To practice the good heart of love and compassion, there is no need to become a Buddhist. Whoever we are, we need a sincere, non-deceitful, kind heart. If we have it, we will definitely have a happy life and we can powerfully benefit others. The focus of my teachings is to guide my students in developing their bodhicitta, a kind heart filled with love and compassion for all living beings.Khenpo Sherab Sangpo
If you enjoy learning about meditation and Tibetan Buddhism via Khenpo Sherab Sangpo’s online teachings, please make a donation to support us. We are a 100% volunteer-staffed, non-profit organization that relies on our donors to make Khenpo’s teachings possible. Thank you for your generosity and kindness!
37 Stages of Instructions
Meditation with Khenpo Sherab Sangpo
Our meditation retreats and classes are open to students regardless of whether you are a Buddhist or not. We welcome you to join us if you would like to learn how to meditate or if you are curious about Buddhist philosophy.
Please note that teachings for 37 Stages of Instructions: Group One & Group Two are only open to students who have received prior approval from Khenpo Sherab Sangpo to attend. Please no drop-ins to this class series. These students have committed to a five-year practice schedule as a group. Thank you for your understanding.
Questions? Contact our Teachings Coordinator, Kate Thomas (Gyurmé Chötso) at 651-647-6767, or email [email protected]
When the five dark ages occur;
this is the way to transform them into the path of bodhi.
This is the essence of the amṛita of the oral instructions
that are handed down from the lineage of Serlingpa.
Having awakened the karma of precious training
and being urged on by my intense dedication,
I disregarded misfortune and slander
and received oral instructions on taming ego-clinging.
Now even at death, I will have no regrets.
Awakening the Mind: Seven Points of Mind Training
From May 25-29, 2017, Khenpo Sherab Sangpo, a professor of Tibetan Buddhism in the Nyingma Lineage, taught The Root Verses of the Seven Points of Mind Training along with his own commentary on the sixty-one slogans at a residential retreat called Awakening the Mind: Seven Points of Mind Training.
These slogans were brought to Tibet from India by Atiśa Dīpaṃkara Śrijñāna (Jowo Jé Palden Atisha), who was a great meditation master and scholar. His students founded the Kadampa tradition of Tibetan Buddhism that is known for teaching oral instructions called lojong, or mind training, that can be memorized, meditated upon, and applied to one’s daily life post-meditation.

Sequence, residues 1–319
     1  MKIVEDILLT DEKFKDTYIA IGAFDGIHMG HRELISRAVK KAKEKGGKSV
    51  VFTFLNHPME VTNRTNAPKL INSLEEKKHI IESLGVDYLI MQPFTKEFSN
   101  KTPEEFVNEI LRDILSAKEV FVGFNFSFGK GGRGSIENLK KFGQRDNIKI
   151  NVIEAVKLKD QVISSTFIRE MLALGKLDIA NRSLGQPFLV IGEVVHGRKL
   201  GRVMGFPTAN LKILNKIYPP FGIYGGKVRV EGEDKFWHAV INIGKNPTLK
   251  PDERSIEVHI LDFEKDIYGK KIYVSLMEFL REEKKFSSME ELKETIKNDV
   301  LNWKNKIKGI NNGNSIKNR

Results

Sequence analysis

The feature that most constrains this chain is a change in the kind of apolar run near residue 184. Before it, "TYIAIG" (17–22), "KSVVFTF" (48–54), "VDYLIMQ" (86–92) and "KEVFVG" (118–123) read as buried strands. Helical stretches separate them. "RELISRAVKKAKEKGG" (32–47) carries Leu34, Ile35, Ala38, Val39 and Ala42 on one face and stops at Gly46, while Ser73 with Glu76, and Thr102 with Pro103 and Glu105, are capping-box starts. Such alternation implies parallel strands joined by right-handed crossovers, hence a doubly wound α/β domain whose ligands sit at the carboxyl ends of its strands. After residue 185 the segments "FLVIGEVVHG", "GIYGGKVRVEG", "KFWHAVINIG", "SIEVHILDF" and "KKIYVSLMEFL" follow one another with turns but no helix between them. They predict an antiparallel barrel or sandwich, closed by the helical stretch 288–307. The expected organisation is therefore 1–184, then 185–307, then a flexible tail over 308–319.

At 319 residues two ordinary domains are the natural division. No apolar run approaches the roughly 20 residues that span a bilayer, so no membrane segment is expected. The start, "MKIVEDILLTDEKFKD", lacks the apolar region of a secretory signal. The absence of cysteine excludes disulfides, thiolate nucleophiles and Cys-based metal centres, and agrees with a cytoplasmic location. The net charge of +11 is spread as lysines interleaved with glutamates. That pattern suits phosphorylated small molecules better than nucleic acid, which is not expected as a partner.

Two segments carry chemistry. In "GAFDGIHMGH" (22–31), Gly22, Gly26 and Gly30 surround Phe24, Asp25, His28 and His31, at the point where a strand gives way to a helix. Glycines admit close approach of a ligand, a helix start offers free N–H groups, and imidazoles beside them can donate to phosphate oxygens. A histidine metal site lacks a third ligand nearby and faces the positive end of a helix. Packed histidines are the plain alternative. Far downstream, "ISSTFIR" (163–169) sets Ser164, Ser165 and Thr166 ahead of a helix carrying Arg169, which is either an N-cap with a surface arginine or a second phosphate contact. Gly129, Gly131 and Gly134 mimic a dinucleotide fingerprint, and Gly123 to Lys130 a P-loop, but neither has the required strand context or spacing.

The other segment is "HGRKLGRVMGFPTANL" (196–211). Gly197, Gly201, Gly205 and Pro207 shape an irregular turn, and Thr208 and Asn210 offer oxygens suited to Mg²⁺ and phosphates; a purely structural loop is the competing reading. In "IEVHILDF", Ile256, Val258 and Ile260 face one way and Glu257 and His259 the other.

The sixty-one slogans as taught by Khenpo Sherab Sangpo were written down during the twelfth century by Chekawa Yeshé Dorjé (1101-1175), a famous Kadampa master from Tibet, who arranged the slogans into seven groups (or points) that exemplify the Mahāyāna view, meditation, and conduct.
These seven points are:
- Point One: the Preliminaries—the Basis for Dharma Practice (Slogan One);
- Point Two: the Main Practice—Training in Bodhicitta (Ultimate Bodhicitta—Slogans Two through Six) and (Relative Bodhicitta—Slogans Seven through Eleven);
- Point Three: Transforming Negative Circumstances into the Path of Enlightenment (Slogans Twelve through Seventeen);
- Point Four: Applying the Practice Throughout One’s Life (What to Do during Life and Death—Slogans Eighteen and Nineteen);
- Point Five: Evaluation of Mind Training (Slogans Twenty through Twenty-Three);
- Point Six: Disciplines of Mind Training (Commitments of Mind Training—Slogans Twenty-Four through Thirty-Nine);
- Point Seven: Guidelines of Mind Training (Slogans Forty through Sixty-One);
- and The Conclusion with Chekawa’s dedication verses.
The Root Verses of the Seven Points of Mind Training text is available on our Practice Texts page.